Placita de mi Corazon

MIX NewsUncategorized

When Maria first stepped on campus at the MIX Academy, there was something familiar, almost nostalgic to her. How could that be? She had never been here before. But as she walked hand in hand with her kids, she felt a rush of memories from her childhood…

The square in Maria’s village looked like one of stories and dreams. Although the days were mostly laborious, the afternoons were like a tender deep embrace, and the square painted the scenery. The whole town gathered there, as was the custom for generations. Each person claimed their space or corner, and many walked around hand in hand. All frequented the square, some for work but most for pleasure. It was in the center of the town, so they called it “Corazoncito” meaning “little heart.”

As a child, Maria would anxiously await her father’s arrival from work just as the day reached sunset. Together with her younger sister they stood at the entrance of the door counting the seconds. On Wednesday afternoons they would walk to el Corazoncito. Dinner was corn on the cob, and dessert was a spleen full of rice pudding. With their food in hand, they walked to their bench. They always tried to get to their little corner early, because if they didn’t they would run into Mrs. Martha. She always told the same story of how her children left the village for the United States and that she had grandchildren who could only speak English. Most afternoons their bench was empty waiting for them with open arms. Maria was always the first to finish her meal, because she didn’t want to give her parents any reason not to let her go play with her best friend Isabel. Isabel always came to the square with her older sister and her fiancé that accompanied her. Isabel told Maria that once she saw them kiss. Her sister’s fiancé always gave them 1 peso to buy an ice cream. Not that he was good-hearted, but he just wanted time alone with his ray of sunshine as he called his bride-to-be. In the corner of the square, Don Xavier always sat to tell scary tales and legends that Maria and Isabel were already too old to believe. Yet, his way of painting images and creating suspense captured their attention every time. But one day there were no stories for his audience. He had grown old and sickly, so Maria’s parents would stop on the way home to bring him some food.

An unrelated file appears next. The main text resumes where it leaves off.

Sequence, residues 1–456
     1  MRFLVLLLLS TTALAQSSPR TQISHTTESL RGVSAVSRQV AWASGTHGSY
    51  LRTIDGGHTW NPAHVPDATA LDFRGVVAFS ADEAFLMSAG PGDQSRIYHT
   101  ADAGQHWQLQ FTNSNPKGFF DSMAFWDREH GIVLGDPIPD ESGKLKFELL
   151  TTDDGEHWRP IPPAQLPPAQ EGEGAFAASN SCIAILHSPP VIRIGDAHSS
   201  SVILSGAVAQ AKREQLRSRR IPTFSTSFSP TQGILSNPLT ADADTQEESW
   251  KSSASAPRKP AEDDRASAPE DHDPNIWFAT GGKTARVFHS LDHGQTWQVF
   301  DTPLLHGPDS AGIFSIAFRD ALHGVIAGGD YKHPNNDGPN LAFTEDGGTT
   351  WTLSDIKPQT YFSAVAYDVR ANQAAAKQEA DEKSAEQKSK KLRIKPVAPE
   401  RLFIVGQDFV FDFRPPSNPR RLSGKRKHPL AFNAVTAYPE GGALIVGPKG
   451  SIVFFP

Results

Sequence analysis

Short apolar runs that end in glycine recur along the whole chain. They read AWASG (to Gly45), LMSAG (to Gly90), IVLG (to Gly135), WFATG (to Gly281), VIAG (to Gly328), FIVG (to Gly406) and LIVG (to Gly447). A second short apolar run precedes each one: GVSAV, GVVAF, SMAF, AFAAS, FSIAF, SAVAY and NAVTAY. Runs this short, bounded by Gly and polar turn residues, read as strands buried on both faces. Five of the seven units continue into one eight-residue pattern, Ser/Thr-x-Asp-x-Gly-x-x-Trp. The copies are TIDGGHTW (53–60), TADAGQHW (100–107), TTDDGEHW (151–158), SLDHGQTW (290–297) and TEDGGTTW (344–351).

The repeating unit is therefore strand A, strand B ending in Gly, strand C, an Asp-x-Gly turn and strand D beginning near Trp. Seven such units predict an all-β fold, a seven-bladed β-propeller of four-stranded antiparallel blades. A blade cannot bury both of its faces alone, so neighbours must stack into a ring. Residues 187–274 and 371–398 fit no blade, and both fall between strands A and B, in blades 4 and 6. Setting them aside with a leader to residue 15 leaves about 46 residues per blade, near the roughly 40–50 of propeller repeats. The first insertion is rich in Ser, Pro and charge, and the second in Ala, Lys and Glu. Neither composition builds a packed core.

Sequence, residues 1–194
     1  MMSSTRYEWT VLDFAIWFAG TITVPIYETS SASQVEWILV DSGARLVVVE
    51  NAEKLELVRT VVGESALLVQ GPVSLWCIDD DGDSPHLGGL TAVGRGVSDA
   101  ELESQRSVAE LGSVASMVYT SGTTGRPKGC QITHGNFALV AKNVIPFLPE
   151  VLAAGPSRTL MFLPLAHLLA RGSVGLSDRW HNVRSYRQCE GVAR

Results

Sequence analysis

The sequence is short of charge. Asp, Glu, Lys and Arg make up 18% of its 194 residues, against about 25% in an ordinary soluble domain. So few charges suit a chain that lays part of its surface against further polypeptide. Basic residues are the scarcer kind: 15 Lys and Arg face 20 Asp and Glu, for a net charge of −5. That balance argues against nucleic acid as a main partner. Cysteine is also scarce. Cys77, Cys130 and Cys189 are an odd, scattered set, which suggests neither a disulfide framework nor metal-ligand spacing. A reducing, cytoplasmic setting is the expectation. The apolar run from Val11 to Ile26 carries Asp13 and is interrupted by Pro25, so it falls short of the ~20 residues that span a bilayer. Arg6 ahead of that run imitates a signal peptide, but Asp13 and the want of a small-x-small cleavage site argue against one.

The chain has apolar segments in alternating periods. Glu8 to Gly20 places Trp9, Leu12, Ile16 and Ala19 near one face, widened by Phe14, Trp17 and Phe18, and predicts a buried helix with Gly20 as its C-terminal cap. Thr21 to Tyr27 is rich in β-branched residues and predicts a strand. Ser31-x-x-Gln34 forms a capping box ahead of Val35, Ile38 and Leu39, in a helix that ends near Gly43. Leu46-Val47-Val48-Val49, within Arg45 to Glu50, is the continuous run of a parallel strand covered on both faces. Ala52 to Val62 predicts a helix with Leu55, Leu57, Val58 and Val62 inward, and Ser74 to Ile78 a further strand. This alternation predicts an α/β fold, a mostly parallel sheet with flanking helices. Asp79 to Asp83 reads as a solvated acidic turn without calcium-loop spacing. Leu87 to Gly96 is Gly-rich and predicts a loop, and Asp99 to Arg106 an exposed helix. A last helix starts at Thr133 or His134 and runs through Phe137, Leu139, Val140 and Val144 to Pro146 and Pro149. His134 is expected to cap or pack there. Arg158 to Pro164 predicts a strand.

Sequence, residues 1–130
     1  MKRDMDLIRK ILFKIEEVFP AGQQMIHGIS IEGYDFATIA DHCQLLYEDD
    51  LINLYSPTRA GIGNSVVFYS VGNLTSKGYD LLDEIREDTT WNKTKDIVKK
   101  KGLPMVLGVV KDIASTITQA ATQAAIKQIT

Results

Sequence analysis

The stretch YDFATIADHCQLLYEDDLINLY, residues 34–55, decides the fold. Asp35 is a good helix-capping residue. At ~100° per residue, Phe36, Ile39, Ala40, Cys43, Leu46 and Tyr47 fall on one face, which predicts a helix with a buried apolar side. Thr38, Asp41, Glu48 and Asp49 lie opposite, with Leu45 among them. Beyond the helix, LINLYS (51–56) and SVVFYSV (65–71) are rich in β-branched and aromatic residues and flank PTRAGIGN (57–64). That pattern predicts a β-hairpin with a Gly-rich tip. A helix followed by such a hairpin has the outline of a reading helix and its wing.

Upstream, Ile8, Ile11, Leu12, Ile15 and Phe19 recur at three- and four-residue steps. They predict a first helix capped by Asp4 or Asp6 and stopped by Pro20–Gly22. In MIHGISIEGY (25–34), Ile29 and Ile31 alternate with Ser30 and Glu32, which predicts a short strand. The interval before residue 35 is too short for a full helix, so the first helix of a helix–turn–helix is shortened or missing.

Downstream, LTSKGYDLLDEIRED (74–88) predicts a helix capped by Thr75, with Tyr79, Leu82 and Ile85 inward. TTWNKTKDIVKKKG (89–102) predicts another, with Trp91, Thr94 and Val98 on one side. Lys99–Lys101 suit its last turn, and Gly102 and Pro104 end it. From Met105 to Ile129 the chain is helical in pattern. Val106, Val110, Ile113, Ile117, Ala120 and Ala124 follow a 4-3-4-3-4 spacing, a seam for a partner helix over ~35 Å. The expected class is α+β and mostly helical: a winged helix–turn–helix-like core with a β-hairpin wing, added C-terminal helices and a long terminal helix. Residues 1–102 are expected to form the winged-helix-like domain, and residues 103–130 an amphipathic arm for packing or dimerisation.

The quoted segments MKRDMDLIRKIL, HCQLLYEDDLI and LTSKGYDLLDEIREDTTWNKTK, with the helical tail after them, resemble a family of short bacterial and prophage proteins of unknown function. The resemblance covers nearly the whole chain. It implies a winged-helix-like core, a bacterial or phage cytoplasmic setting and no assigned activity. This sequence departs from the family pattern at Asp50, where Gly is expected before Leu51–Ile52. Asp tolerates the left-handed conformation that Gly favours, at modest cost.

Today, as an adult, Maria remembers those moments in the village square, and carries them in her heart. Arriving in this country of dreams, she never expected how difficult it would be to find such spaces. Although there are parks and corners for them to connect, they are too dangerous to let her children wander free. She desires for them to have the same experiences that she had as a child and the fullness that her community gave her. The Mix Academy has become that place for her family. Although the physical space is different, the people make her feel the same as when she was a child. Friends walk hand in hand together, and families find their special corner every week. Grandmothers can tell their stories, and the community learns to care for each other. Perhaps this is the start of another corazoncito, where the people are at the heart.

-Ben Juárez, Local and Global Initiatives